Chuck Schumer’s Populist Concession

Robert Borosage

Senator Charles Schumer sparked a back-alley Democratic Party brawl when he blamed the sinking fortunes of Democrats in 2014 on the administration’s 2009 decision to press forward on health care reform rather than staying focused on jobs and recovery.

Schumer got the impact of the health care reform wrong and distorted the reality of the political debate at that time: The austerity caucus – including many Democrats – was blocking any more spending on the recovery after the first stimulus passed. President Obama made the mistake of joining them, but Republicans and renegade Democrats led by New Dem Sen. Evan Bayh had already torpedoed the rescue boats.

What shouldn’t be lost in his argument about the past was Schumer’s surprising prescription for the future: the senator from Wall Street is sounding ever more like Elizabeth Warren. As reported by Thomas Edsall:

“The American public is so cynical about government that a Democratic, pro-government message would not be immediately successful,” argued Schumer. To restore credibility, the “first step is to convince voters that we are on their side, and not in the grips of special interests.” He specifically suggested the prosecution of bankers for “what seems, on its face, blatant fraud” and tax reform designed to ensure that C.E.O.s paid higher rates “than their secretaries.”(emphasis added)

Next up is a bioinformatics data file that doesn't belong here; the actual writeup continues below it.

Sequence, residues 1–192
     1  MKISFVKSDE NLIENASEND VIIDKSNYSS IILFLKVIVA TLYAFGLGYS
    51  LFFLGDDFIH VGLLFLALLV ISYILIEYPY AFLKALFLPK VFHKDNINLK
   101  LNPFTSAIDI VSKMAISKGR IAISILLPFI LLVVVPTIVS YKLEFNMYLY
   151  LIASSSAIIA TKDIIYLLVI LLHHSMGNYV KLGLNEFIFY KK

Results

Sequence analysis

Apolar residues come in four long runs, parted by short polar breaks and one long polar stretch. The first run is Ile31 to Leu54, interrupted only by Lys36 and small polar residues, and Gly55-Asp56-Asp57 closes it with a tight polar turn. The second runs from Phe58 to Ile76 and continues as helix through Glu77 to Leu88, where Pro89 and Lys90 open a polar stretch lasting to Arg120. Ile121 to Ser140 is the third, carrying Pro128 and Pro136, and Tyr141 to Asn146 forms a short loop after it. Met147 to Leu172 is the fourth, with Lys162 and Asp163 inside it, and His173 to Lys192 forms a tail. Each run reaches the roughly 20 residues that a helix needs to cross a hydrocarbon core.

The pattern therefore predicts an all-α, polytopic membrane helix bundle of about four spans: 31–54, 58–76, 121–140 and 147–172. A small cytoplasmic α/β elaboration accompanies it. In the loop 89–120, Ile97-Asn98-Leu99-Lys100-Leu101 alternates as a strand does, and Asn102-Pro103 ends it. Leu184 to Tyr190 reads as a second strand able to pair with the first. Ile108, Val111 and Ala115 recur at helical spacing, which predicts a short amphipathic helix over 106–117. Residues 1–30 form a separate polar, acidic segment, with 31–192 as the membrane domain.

[A]n element of populism, even for those of us who don’t consider ourselves populists, is necessary to open the door before we can rally people to the view that a strong government program must be implemented.”

There’s a characteristic cynical calculation in this phrasing that is off-putting, but Schumer’s surprising embrace of the populist temper of the time suggests that even money Democrats are starting to get a clue.

This sets the stage for what should be Hillary Clinton’s Sister Souljah moment: when she steps up before another Goldman Sachs audience and tells them that bankers who commit fraud will be prosecuted, and banks that are too big to fail and too big to jail are simply too big to exist.

That fantasy aside, Schumer’s remarks make it clear that populism is on the rise.

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